“I’m often asked: ‘How do I create a voice that agents want?’ But at the heart of finding your voice is authenticity. It’s not about writing what you think agents want to read but finding the one agent who gets you and your book.”
Every year, the Writers’ League of Texas brings a faculty of close to thirty agents, editors, and other industry professionals to Austin for its Agents & Editors Conference. As we look ahead to the 25th Annual A&E Conference, taking place June 29–July 1, 2018, we’re happy to share Q&As with some of our faculty here.
An Interview with Dana Murphy
Dana Murphy is a literary agent with The Book Group, focusing on literary fiction and voice-driven nonfiction. After studying critical film theory and sociology at NYU, Dana began her literary career as an assistant at the Book Group in 2012 and started building her own list in 2015. She is interested in adult and YA fiction that feels surprising and immersive and smart narrative nonfiction about pop culture, social issues, and critical theory. She is always looking for a sense of humor, diverse and underrepresented perspectives, and characters that stick in your thoughts long after the story is finished.
Scribe: How would you describe your personal approach to working with an author?
Dana Murphy: Personalized. I purposely keep a pretty small client list and do my best to let each client inform our working relationship. Overall, I’d say I definitely lean on the personal side of professional relationships – I take my job very seriously and, because of the nature of the work, I care very deeply for each of my authors. Beyond just loving the work and the writing, I need to be an advocate for the author, and that usually works better when I like them as a person just as much as I like their words.
Scribe: What do you look for in a debut author?
DM: First and foremost, always voice. That’s not to say there is a one-size-fits-all voice that I’m interested in, but I’m always looking for life behind the words. This is intangible and can sometimes be discouraging for authors to hear. I’m often asked: “How do I create a voice that agents want?” But at the heart of finding your voice is authenticity. It’s not about writing what you think agents want to read but finding the one agent who gets you and your book. I promise, if you’re writing something that your heart isn’t invested in, any agent reading it will see that.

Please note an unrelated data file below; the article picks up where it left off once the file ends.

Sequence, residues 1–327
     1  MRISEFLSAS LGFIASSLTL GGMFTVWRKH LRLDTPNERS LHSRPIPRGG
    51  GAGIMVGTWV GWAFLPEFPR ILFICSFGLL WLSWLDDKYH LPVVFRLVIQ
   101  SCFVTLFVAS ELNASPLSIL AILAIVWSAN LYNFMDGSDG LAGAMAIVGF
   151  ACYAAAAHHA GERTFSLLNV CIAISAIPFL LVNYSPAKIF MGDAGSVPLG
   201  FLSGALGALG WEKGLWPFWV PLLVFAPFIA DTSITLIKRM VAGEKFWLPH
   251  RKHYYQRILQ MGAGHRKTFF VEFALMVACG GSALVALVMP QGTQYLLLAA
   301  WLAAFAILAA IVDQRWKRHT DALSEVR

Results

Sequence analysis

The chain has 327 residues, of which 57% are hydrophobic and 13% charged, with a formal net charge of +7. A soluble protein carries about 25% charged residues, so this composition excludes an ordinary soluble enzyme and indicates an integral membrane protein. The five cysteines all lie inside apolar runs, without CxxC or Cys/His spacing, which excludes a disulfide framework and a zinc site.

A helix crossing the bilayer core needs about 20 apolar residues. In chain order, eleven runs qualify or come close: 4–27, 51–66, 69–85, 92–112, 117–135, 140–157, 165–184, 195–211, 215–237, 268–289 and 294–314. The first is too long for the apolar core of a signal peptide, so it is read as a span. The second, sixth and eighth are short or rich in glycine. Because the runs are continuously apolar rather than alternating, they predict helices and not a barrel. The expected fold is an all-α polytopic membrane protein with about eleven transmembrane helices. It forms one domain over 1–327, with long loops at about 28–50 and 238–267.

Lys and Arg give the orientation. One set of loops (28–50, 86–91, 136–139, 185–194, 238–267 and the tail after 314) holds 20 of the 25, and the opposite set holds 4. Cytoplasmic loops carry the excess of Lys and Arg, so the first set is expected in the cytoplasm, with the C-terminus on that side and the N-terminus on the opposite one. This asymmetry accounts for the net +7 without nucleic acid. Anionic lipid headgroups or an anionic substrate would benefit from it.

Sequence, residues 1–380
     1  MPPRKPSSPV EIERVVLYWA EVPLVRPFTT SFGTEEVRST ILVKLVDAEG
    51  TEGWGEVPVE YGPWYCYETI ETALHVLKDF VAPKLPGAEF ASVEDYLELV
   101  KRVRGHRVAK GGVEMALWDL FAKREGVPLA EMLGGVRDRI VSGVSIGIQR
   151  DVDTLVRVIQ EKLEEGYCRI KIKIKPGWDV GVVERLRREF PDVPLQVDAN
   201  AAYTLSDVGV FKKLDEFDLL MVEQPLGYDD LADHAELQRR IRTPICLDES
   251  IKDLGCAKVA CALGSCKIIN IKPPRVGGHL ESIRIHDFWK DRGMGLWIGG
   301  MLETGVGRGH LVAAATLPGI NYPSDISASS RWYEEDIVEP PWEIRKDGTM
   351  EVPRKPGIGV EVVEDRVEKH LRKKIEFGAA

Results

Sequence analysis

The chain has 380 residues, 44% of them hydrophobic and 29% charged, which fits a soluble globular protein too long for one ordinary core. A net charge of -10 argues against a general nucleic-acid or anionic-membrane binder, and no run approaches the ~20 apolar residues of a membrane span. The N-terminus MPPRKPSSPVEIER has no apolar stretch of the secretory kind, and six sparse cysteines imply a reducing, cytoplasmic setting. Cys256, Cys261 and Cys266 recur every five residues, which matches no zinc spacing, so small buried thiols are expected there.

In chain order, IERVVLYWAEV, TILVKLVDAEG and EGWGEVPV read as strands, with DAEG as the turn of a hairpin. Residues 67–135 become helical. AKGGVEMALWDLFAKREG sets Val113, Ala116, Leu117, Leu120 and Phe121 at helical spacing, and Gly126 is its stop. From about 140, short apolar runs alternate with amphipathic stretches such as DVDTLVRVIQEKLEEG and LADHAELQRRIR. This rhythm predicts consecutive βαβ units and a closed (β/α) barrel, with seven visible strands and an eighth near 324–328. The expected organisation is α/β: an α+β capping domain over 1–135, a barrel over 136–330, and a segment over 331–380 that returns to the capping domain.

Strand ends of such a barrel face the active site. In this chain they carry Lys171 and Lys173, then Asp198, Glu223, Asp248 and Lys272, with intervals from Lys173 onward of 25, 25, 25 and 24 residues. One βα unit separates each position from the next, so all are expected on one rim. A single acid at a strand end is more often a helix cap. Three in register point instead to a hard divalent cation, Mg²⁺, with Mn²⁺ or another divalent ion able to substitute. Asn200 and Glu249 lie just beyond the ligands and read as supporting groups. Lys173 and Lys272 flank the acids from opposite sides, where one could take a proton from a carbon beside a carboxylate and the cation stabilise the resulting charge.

Scribe: If you could give writers one piece of advice, what would it be?
DM: When querying, research agents and follow their submission rules! Every agency has different policies, which can be annoying and sometimes feel arbitrary, but they are essential for me to effectively do my job. There is nothing that turns me off quicker than an author whose behavior belies that they don’t respect our processes, whether that be calling when we explicitly state not to, or mass-emailing non-specific “Dear Agent” queries. You only have one opportunity to make a first impression, and your behavior during the querying process is usually a good indicator to how you will behave as a client. Entitlement and indigence are not a good look. Do some research about each agent you’re querying, know a little about their list, think about how your book would be a good fit for them, and include that in your query.
Scribe: Has there been a project you took on because there was something special or unique about it, even though it wasn’t like projects you usually take on?
DM: I feel like that can describe many of my projects! I’m often found saying “Oh, I’m not interested in XYZ” and then turning around and signing something of that ilk the next week. But that is often tied up in what I mentioned earlier: voice. If I find an undeniable voice, I can find myself interested in anything.
Scribe: Tell us about a recent book that you worked with–you know, brag on one of your writers!
DM: The first book I sold, Danya Kukafka’s Girl in Snow, was published last summer and has continued to be a thrilling experience. The author is a close friend — we met when I hired her as my intern. Even though the book hasn’t been in the market long, I’ve been working on it with her for nearly 5 years. It was a project close to both of our hearts, my first sale and her debut novel, and we were consistently (and still!) learning as we go. She’s now an international best seller, we’ve sold the book in over a dozen foreign territories, and the TV rights have been optioned. We couldn’t have anticipated any of this when we first decided to work together and brave the new professional world side by side. We went into this without expectations, just hoping someone wanted to publish the book, and it’s been so rewarding to go through the good (and bad!) with her.
Click here to read our 2018 A&E Conference agent bios.
Click here for more information on the 2018 Agents & Editors Conference, a weekend long event in Austin, TX (June 29-July 1) that focuses on the craft of writing, the business of publishing, and building a literary community.